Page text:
Frederick J. Clarke

From Wikipedia, the free encyclopedia
Jump to: navigation, search
Frederick J. Clarke
Frederick clarke.jpg
Lieutenant General Frederick J. Clarke
Born (1915-03-01)March 1, 1915
Little Falls, New York
Died February 4, 2002(2002-02-04) (aged 86)
Allegiance United States of America
Service/branch United States Army
Years of service 1937–1973
Rank Lieutenant General
Commands held Chief of Engineers (1969–1973)
Awards Distinguished Service Medal
Legion of Merit

Frederick James Clarke (March 1, 1915 – February 4, 2002) was a civil and military engineer with the United States Army Corps of Engineers. Clarke was one of three commissioners appointed to run the District of Columbia from 1960 to 1963, and later rose to the rank of Chief of Engineers in the Corps of Engineers.

Clarke was born in Little Falls, New York. In 1937 he graduated fourth in his class at the United States Military Academy at West Point, New York. He was then commissioned in the Corps of Engineers, while continuing his graduate work. Clarke received a master's degree in civil engineering from Cornell University in 1940 and later attended the Advanced Management Program of the Graduate School of Business at Harvard University. He also completed graduate studies at the Army War College.

During World War II he commanded a battalion of the 38th Combat Engineers that helped construct a military airfield on Ascension Island in the South Atlantic, a key refueling point for transatlantic flights to Africa. He also served in Washington, D.C., in the headquarters of the Army Service Forces. He served as a logistics planner on General George C. Marshall's staff. He also was an early developer of the "Red Ball Express" operation that kept European beachheads supplied.

As the war in Europe ended, he was involved in the frenzied planning effort to redirect supplies to the Pacific. Clarke also worked in the atomic energy field for the Manhattan Engineer District (best known as the Manhattan Project).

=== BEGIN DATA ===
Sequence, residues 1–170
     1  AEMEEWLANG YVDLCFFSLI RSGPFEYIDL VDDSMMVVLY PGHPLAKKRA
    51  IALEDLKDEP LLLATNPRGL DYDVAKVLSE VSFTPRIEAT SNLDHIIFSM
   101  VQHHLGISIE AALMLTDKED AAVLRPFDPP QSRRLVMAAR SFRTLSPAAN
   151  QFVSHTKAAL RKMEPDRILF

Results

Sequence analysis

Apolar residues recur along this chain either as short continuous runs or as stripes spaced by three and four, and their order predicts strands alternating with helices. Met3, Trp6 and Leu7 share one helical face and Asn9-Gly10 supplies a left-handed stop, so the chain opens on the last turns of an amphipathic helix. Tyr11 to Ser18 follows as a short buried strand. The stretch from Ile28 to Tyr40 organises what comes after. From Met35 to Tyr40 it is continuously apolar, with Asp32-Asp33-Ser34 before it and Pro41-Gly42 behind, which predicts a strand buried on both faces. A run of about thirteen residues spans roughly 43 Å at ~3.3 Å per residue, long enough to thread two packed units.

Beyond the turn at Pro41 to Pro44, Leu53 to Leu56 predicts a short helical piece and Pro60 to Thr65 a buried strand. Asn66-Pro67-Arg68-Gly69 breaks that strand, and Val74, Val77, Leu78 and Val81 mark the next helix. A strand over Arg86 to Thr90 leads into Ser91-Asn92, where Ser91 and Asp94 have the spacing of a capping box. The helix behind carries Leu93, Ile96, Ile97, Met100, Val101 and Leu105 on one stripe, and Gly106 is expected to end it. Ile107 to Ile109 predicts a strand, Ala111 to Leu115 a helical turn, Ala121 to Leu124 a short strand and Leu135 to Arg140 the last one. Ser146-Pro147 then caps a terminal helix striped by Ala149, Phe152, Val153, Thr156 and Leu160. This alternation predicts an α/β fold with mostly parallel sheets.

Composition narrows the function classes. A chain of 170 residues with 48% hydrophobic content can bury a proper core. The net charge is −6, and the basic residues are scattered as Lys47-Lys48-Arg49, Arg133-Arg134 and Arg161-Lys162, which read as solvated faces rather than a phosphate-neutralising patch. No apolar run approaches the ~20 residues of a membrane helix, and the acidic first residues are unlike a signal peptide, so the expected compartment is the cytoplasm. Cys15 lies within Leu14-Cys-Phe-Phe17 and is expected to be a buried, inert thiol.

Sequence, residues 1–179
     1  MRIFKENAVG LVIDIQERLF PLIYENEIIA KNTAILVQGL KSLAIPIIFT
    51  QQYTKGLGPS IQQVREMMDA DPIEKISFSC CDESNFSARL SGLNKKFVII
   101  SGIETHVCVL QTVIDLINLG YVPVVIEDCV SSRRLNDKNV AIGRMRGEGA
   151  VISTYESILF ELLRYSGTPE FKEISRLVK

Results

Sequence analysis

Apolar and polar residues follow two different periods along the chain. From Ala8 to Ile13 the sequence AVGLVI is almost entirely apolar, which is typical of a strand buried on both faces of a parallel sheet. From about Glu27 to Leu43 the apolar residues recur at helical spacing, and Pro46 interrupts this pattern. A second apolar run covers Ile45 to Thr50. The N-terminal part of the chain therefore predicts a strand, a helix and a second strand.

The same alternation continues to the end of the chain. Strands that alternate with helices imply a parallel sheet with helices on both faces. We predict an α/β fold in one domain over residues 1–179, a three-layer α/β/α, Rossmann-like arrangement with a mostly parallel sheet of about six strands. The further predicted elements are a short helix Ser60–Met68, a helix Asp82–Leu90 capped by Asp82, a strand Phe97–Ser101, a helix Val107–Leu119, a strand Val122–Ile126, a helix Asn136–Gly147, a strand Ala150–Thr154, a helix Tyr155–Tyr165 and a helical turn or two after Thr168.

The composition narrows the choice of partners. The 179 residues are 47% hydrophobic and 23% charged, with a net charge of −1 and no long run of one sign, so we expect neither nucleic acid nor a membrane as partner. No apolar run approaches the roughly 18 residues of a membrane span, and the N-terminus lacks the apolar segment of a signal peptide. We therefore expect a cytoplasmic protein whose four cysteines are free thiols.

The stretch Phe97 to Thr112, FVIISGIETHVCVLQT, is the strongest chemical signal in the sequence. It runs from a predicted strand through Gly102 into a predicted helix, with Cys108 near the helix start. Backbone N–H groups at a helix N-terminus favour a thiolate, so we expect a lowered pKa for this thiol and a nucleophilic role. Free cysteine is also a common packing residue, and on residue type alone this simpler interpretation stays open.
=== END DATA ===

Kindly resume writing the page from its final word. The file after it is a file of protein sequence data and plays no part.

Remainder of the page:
After the war his atomic work continued, with the U.S. Atomic Energy Commission at Hanford, Washington, and at the Armed Forces Special Weapons Project at Sandia Laboratory, Albuquerque, New Mexico. As the District Engineer of the Trans-East District of the Corps in 1957-59, he was responsible for U.S. military construction in Pakistan and Saudi Arabia, and he initiated transportation surveys in East Pakistan and Burma.

From 1874 to 1967, before "District of Columbia home rule," the District was governed by three federally appointed commissioners (one a civil engineer, selected from the Army Corps of Engineers). In 1960, President Dwight D. Eisenhower appointed Clarke as the District's Engineer Commissioner. He was the technician-in-chief, called to address the problems such as traffic gridlock, economic development and low levels of funding. At one point early in his term, he was the only commissioner available for full-time duty, because one post was vacant and the other commissioner had suffered a heart attack.

In the early 1960s, Clarke participated in talks that led to the compact agreement for construction of the Washington Metro railway and subway system. As chairman of the District's zoning commission, he participated in early debates over the controversial proposal to build an interstate bridge near the Three Sisters Islands in the Potomac River, and over a planned freeway through the heart of the District.

After his term as Engineer Commissioner ended in 1963, he served as Director of Military Construction in the Office of the Chief of Engineers (1963–65); Commanding General of the Army Engineer Center and Fort Belvoir and Commandant of the Army Engineer School (1965–66); and Deputy Chief of Engineers (1966–69). He achieved the rank of Lieutenant General. As Chief of Engineers Clarke guided the Corps as it devoted increased attention to the environmental impact of its work.

He retired from the Army in 1973 after a 37-year career, then served as executive director of the National Commission on Water Quality. In the 1980s, he was a consultant to the Tippetts, Abbett, McCarthy, Stratton engineering firm.

After his death in 2002, he was buried in Arlington National Cemetery.[1]

Clarke was awarded the Distinguished Service Medal and the Legion of Merit. In 1973 he was elected to the National Academy of Engineering.[2]



Military offices
Preceded by
William F. Cassidy
Chief of Engineers
Succeeded by
William C. Gribble, Jr.